At the start of 2020 it was business as usual across the UK. Coding departments were working like clockwork toward deadlines in their offices. Clinical coding exams and classroom training where scheduled and booked, working from home was part time for a few and an afterthought for many, and the industry was preparing for the new decade of proposed changes with autocoding, SNOMED CT and ICD-11.
Then It happened…
Within the space of a few months it all changed…. The global pandemic hit, and the way we lived our personal and working lives was turned upside down.
This had a profound impact on the coding industry. Offices where everyone was previously crammed into the smallest of spaces, now had to work from home. Paper medical records that had previously been touched by everyone within the hospital was now a potential health risk, increasing the demand for full electronic healthcare records (EHR) systems. Not to mention the cancellation of clinical coding exams and classroom training, with examiners and trainers, being forced to adapt their approach to more online and cost effective solutions
The task of conducting the entire clinical coding industry remotely at the time seemed impossible, however looking back, the process overall has been somewhat seamless. This makes me wonder – if it was this easy why wasn’t this feasible before?
How everything changed…
Coding managers have reported increased productivity, less sickness and overall increased morale especially for those that have been in favour for flexible working (those who have young children will understand).
Many workers in the industry have also reported more financial upside in increased savings from commuting less and more time for personal use, e.g hobbies and baking.
Clinical coding training has adapted to online solutions like Microsoft teams and clinical coding examiners have managed to provide a glimmer of hope for possible online exams in 2021.
The remote service has also enabled NHS coding managers to widen the net. There are coding opportunities all over the UK with the disclaimer ‘Please note that due to the pandemic we are currently working remotely’. This not only gives coders across the UK so much more options but opens up trusts (which had previously been restricted to their own geographical area) to previously unobtainable high calibre coders.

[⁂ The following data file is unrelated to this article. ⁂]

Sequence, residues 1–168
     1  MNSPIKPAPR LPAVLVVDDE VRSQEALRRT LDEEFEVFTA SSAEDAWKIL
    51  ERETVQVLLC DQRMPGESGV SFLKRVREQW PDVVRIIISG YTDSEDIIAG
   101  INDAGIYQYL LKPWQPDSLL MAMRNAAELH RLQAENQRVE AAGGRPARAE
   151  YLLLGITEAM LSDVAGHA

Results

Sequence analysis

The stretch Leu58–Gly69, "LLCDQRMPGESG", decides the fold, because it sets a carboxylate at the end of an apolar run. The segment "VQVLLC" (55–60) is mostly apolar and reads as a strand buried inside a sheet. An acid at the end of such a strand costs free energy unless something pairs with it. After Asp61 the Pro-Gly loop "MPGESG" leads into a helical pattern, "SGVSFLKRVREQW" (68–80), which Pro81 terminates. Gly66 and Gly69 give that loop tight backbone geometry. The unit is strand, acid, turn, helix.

Mental health and well being has been a growing issue across many industries due to lockdowns and clinical coding already a somewhat solitary role, has become even more secluded for some.
With reports of less communication between colleagues and managers with less team meetings in comparison to pre lockdown, some coders have felt isolated and not feeling part of a team. Some managers and clinical coders have done well to address these issues by having weekly well-being checks, setting up WhatsApp groups and having regular team meetings, however many managers are slow to adapt to address this ever growing issue among the clinical coding community.
One major impact to the industry came from NHS Chief Executive Simon Stevens and NHS Chief operating officer Amanda Pritchard on 17th March 2020. A publication to all NHS chief executives following the initial paper stated that due to the pandemic and in an attempt to reduce expose to patients and those most at risk all NHS trust were to be placed on block contacts for the period April-July 2020. This then moved to March 2021 given the recent rise in infection rates. But what did this mean for coding?
Payment by results (PbR) is now a distant memory and it’s hard to foresee any NHS moving back from its current status. Why would they? Has this led to trusts now losing interest in the financial implications for coding? Has the importance we once had diminished? These are all questions I can’t answer – and suspect only the Clinical Commissioning Groups (CCG)s can. Has coding been demoted to a data input role for the production of data warehousing, trend analysis? It’s certainly shifted the spotlight away from our profession.
With the availability of a vaccine there is now a chance in the near future, for coding to be performed in offices, training held in classrooms and exams completed in venues, similarly to what the industry looked like before. However I hope we as an industry we have learnt to embrace technology in our working life by providing optional home working and blended approaches to training clinical coders.
Auto coding and SNOMED has always been talked about since the days when I started as a trainee over a decade ago. And with trusts now having full EPR’s or ‘paper light’ systems, in 2021 it would be interesting to see how we get to that space where even very simple mapping of terminology to classification codes comes to fruition.
Overall coding is heading in the right direction to help set up robust reporting and clinical systems. It’s a very gradual process, dependant on a much larger national strategy to get systems like SNOMED out there & implemented across multiple providers. But with the unique skill set that clinical coding brings it’s fully equipped to cope with whatever the future throws at it.
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